Dispute Resolution Review (4th Edition) - Cayman Islands

Article by Katie Brown1


    The Cayman Islands is a British Overseas Territory, and Cayman law is in general based on English common law and certain English statutes that have been applied to the Islands, and local legislation enacted by the Legislative Assembly ('the LA'). The United Kingdom retains the right to extend provisions of UK legislation to the Cayman Islands by way of an express provision in the Act itself or by Order in Council.

    A new Cayman Islands Constitution came into force on 6 November 2009 reflecting and further defining the increased scope of local legislative authority and introducing a Bill of Rights.2

    Significant litigation takes place in the Grand Court ('the Court'). Most significant commercial disputes are commenced in the Financial Services Division, which was established in 2009.

    The Grand Court judiciary consists of the Chief Justice and five other full-time judges (supplemented from time to time by acting judges brought in from overseas or drawn from the ranks of senior Cayman Islands practitioners) who exercise the same jurisdiction as the English High Court. The Grand Court judges, especially in the Financial Services Division, have considerable experience of disputes involving complex offshore transactions and structures, particularly in the context of hedge fund and commercial trust litigation.

    Appeals from the Grand Court to the Cayman Islands Court of Appeal are governed by rules set out in the Court of Appeal Law3 and the Court of Appeal Rules.4

    The Cayman Islands Court of Appeal is widely regarded as one of the strongest appellate courts in the Caribbean and the offshore world.

    In certain circumstances, an appeal from a decision of the Cayman Islands Court of Appeal can be made to Her Majesty's Judicial Committee of the Privy Council. The process is governed by the Cayman Islands (Appeals to Privy Council) Order 1984, a UK statutory instrument that came into operation on 1 September 1984.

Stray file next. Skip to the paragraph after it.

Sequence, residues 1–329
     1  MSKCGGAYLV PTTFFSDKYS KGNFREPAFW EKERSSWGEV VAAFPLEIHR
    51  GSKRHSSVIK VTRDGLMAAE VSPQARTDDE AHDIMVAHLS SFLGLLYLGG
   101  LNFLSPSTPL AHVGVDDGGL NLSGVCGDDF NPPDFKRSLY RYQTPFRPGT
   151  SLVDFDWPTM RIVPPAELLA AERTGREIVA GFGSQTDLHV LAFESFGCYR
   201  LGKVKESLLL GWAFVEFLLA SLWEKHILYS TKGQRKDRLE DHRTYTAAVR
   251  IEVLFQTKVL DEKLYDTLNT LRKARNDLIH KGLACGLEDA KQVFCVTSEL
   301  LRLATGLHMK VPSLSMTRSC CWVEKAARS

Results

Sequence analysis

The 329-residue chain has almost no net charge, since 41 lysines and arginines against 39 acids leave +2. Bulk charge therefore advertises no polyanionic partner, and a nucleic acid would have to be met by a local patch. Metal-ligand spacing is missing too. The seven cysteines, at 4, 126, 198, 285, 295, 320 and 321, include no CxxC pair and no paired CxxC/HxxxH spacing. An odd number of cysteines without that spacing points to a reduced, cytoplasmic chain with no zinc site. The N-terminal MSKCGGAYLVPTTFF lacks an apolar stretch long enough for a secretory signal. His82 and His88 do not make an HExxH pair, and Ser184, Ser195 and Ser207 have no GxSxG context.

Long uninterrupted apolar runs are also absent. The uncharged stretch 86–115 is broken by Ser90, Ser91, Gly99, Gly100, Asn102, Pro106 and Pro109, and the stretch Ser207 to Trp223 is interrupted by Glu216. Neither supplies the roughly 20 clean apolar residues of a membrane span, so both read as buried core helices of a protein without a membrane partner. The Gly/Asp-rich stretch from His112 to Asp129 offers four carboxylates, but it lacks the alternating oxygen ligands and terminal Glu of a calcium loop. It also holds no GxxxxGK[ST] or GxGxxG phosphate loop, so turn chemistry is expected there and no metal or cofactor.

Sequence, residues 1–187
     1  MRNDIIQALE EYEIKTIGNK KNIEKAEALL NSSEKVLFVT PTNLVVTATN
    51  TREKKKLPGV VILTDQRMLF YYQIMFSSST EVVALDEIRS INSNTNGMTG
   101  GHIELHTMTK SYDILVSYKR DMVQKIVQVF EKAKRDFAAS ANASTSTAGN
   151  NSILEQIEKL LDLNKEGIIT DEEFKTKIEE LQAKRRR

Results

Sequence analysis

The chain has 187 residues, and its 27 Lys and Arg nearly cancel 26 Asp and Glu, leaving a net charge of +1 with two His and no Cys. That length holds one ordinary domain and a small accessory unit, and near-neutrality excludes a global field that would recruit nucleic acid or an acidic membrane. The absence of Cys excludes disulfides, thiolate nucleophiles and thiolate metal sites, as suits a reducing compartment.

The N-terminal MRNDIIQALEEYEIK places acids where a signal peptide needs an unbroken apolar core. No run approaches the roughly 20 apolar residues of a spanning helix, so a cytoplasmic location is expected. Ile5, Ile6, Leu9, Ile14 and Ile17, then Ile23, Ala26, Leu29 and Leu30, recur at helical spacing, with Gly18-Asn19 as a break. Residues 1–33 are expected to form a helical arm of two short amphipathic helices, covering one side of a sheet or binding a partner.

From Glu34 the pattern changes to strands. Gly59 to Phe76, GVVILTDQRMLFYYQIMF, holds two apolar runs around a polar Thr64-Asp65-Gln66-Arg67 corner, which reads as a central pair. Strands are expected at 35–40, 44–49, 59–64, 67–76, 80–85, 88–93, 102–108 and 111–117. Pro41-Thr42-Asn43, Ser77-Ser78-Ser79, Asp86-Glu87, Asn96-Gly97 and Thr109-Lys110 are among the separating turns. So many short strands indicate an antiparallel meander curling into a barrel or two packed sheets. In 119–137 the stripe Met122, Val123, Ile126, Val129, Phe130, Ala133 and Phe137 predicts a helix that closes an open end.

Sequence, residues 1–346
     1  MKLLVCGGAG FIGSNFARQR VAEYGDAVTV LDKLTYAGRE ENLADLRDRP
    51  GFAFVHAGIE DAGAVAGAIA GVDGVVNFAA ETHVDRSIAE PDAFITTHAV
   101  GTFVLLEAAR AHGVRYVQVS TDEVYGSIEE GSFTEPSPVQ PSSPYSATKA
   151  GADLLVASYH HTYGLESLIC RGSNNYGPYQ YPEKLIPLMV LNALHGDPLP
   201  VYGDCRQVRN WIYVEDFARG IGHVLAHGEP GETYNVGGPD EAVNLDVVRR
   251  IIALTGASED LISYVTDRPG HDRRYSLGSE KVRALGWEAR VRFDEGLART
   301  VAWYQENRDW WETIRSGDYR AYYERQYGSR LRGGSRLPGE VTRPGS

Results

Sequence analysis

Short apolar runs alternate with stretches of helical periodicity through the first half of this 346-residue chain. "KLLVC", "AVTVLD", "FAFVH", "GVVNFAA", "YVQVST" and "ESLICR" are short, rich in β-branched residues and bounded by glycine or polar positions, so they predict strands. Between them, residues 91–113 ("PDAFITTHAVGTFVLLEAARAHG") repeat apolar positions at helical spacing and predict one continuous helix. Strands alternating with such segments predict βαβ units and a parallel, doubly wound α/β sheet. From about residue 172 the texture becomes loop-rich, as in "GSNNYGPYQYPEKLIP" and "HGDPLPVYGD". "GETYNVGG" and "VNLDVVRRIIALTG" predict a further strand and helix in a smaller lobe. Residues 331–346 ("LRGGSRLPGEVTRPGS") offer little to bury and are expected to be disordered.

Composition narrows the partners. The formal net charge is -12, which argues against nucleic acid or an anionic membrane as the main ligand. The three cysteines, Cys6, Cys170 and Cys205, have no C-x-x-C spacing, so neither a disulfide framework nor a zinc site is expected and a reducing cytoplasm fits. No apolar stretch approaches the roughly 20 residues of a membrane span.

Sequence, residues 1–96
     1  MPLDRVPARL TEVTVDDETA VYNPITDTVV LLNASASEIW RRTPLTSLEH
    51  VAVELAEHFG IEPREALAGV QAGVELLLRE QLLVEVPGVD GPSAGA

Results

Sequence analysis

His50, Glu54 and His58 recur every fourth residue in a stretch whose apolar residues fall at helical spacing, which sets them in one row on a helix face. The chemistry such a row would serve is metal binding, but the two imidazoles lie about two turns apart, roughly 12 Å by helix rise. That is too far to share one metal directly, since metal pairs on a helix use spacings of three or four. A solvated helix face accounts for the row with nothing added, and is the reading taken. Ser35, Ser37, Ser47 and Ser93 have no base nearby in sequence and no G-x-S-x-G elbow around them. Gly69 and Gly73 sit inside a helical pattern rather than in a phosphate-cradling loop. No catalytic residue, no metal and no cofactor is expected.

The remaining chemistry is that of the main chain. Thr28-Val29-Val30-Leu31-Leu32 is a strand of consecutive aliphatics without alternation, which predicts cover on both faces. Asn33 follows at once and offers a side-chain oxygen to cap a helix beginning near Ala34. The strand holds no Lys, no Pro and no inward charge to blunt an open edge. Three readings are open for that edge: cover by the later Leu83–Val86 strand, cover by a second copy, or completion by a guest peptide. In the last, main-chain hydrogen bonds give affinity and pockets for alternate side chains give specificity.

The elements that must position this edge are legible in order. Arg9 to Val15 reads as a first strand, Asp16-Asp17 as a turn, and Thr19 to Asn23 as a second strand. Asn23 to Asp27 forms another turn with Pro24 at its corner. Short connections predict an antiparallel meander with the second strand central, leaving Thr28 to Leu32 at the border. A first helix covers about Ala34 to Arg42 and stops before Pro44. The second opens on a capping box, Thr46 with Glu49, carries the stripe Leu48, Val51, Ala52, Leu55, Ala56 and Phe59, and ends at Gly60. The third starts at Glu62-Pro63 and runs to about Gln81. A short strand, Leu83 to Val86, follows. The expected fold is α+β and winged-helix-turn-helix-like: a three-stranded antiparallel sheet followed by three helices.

Decisions of the Grand Court, the Court of Appeal and the Privy Council on appeals from the Cayman Islands are reported in the Cayman Islands Law Reports, cited as CILR, which are published by Law Reports International.

    Since 2006, a right of petition to the European Court of Human Rights following the exhaustion of traditional domestic legal remedies has existed. In 2009, the first case from Cayman using this procedure was heard and ruled admissible by the European Court of Human Rights.

    Litigation remains the principal method for resolving disputes, partly because of the accommodating approach shown by the Grand Court to parties requiring confidentiality or flexible timetables (factors that usually attract parties to arbitration). However, awareness and use of alternative dispute resolution ('ADR') mechanisms is growing.

    The Law Reform Commission has submitted an Arbitration Bill for enactment by the Legislative Assembly in 2012, following extensive consultation with professional associations such as the Law Society and the Caymanian Bar Association. The Bill will dramatically modernise the arbitration regime in the Cayman Islands, based on the UNCITRAL Model Law with certain variations to suit local conditions. This initiative has strong support from the Cayman judiciary, in particular judges of the Financial Services Division who have substantial arbitration experience, and whose decisions in the course of the last year have demonstrated consistent respect for and enforcement of parties' rights pursuant to arbitration agreements.